So, some astute readers may say…what’s the point. If you don’t like doing it, why do you do it? Or more bluntly, find a new career honey, this obviously ain’t your thang.

Well, I thrive on the end result. On seeing my words and phrases in an organization’s printed or electronic materials. Coming up with that rare witty line that makes me believe in myself. My life’s dream is to have a book published. (And to have people tell me how witty and fabulous it is.) So that’s why I keep writing, because I get such a high from the final product. Most people could care less with what people think about the sentences they write in a letter or some boring work report. But me? I live and die by those same sentences. If someone criticizes them, I fall to pieces. If someone bows down before their splendor, my ego exults from on high.

I haven’t quite figured out how to combat this hatred of the process, and unfortunately, there’s no way I can work around it. In my career, I have deadlines. That’s really the only thing that saves me there. But I’ve learned I can’t self-impose deadlines on myself in my personal writing; my excuses and love for trashy TV will just blow right through them. So I really need to figure out another way to get past it, otherwise, I’ll never get that book written (much less published!) and my ego will never reach divine heights.



Filed under career, writing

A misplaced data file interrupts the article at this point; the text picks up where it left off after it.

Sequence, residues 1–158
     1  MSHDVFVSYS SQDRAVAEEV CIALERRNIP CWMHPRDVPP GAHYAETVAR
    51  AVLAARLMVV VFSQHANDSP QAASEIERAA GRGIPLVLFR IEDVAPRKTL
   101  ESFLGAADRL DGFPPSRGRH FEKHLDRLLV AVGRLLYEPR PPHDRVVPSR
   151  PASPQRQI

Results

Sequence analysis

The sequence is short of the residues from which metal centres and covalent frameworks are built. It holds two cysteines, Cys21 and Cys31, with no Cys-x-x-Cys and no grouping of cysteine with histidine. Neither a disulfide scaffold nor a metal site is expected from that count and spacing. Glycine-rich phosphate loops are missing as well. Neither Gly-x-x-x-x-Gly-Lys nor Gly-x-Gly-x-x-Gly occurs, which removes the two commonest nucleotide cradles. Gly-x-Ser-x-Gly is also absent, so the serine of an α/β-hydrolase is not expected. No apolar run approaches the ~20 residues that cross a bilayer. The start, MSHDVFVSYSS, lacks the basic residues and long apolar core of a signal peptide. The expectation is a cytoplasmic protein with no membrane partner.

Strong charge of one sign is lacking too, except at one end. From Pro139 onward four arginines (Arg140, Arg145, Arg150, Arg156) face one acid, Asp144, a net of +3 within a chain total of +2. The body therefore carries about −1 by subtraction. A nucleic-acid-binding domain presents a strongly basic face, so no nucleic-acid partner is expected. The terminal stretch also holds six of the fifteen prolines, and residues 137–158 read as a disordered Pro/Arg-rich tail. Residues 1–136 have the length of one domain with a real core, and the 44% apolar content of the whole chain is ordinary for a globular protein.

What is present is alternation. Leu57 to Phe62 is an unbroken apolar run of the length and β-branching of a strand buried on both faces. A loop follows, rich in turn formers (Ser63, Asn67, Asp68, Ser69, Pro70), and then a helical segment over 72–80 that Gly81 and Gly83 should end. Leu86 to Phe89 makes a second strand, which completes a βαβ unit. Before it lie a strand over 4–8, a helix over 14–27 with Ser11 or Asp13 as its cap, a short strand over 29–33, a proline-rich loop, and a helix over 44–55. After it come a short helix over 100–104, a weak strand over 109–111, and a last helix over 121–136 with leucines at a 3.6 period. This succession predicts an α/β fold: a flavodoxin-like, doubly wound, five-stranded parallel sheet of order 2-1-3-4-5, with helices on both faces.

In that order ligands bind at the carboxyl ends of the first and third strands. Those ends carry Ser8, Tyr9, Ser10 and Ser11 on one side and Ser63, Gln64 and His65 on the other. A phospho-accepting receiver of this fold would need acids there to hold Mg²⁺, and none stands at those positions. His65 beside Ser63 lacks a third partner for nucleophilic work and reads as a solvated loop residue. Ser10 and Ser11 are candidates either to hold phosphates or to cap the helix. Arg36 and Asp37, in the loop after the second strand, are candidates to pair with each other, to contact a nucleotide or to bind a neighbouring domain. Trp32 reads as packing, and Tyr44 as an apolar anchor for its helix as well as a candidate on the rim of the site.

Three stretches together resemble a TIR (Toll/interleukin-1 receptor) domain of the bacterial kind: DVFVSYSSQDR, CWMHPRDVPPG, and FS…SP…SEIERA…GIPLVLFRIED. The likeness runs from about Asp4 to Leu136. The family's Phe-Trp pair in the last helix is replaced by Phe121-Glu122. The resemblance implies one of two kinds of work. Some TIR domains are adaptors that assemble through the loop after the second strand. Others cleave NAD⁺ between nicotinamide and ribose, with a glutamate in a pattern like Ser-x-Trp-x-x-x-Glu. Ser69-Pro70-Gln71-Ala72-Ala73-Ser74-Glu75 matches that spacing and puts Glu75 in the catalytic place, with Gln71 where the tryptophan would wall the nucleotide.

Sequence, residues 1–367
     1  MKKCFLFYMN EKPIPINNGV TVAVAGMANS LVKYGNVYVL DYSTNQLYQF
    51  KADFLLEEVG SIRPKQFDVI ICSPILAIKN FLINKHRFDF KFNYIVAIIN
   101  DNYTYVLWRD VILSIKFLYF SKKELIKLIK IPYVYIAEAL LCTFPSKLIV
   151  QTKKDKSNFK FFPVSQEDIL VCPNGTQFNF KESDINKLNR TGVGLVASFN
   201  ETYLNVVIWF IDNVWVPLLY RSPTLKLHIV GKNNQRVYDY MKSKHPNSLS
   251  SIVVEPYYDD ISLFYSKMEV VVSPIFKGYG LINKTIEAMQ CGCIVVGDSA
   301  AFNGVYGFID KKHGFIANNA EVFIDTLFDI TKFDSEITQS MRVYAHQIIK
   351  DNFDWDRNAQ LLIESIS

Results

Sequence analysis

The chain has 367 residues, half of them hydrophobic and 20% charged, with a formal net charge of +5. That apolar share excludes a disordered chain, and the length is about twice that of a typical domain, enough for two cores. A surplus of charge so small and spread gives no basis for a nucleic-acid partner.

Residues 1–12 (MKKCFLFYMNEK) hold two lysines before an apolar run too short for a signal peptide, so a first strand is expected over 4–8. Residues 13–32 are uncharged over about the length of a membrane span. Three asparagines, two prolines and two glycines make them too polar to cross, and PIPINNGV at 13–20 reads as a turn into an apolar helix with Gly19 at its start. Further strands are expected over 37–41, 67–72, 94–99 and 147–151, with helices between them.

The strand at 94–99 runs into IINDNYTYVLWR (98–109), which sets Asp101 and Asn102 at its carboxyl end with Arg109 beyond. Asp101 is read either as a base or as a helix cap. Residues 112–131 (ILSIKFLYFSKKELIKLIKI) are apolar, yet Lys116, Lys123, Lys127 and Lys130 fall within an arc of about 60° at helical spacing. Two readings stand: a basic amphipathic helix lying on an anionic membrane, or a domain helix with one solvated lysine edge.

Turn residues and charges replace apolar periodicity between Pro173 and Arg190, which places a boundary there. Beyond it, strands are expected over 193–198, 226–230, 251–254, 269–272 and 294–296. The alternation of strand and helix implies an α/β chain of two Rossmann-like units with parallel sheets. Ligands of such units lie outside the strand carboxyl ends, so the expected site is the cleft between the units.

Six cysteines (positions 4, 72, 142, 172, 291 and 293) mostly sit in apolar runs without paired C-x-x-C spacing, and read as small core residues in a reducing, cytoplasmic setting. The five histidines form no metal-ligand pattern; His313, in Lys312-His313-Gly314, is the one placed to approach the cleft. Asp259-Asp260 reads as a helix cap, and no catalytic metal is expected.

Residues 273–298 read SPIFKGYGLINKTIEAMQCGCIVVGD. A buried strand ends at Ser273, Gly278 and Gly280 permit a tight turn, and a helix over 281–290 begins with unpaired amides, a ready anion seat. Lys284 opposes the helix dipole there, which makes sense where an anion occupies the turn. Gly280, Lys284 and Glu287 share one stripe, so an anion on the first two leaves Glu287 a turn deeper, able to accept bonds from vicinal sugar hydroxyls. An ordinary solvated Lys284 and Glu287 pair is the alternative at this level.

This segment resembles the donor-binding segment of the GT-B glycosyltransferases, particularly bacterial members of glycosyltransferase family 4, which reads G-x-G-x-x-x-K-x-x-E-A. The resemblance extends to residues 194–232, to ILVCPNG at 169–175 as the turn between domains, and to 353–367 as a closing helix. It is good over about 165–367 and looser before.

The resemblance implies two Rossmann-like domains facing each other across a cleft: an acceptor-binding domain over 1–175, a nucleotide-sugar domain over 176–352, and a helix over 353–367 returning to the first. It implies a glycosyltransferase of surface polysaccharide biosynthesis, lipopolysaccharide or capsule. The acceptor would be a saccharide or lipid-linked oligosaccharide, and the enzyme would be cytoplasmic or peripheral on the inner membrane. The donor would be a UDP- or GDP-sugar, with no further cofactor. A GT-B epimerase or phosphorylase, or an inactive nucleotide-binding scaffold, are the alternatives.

4 responses to “Epiphany

  1. I would have to totally agree with you. Except my procrastination cycle goes like this…

    Open Word document. Stare at Word document. Check Facebook, Bloglines, and gMail. Go back to the still-empty Word document and curse its very existence. Get up from my desk, go smoke. Come back to my desk, stare at empty document. Again check Facebook, Bloglines, and gMail. Grudgingly go back to document and pen a few bad phrases. Go smoke again. Come back to my desk and call Rodd or Supergirl and ask if they can write something for me…

  2. Cog

    Hemingway said the blank page was a White Bull. I refuse to name it out of spite. Take solace, you’re not alone.

  3. TrendyCamper

    My dad wrote a book. It took him his entire life, but he finished it. Sadly, it was never published. I think I may have one of the only printed copies, actually. Still, I admire and envy his perseverance.

    I started my book about two years ago. I have four pages written. It’s a daunting notion: daring to write a 300 page novel even as I’m currently struggling to pound out a 700 word article (topic still undetermined).

    And tomorrow, the process starts (and stops and starts) all over again.

  4. Andrea Drauch

    This made me thinking of science writing and the love-hate relationship we all have with it. I actually enjoy writing and after a lot of turmoil, proofreading, and internal review, I generally come up with a product I like (except for Ch 3 of my thesis which I am embarrassed is in print). However, the fun thing about writing journal articles is that each person that peer-reviews your manuscript for publication will identify about 120 things that they think are wrong with it. And manuscripts are usually sent out to 2 or 3 individuals. Talk about an ego blow…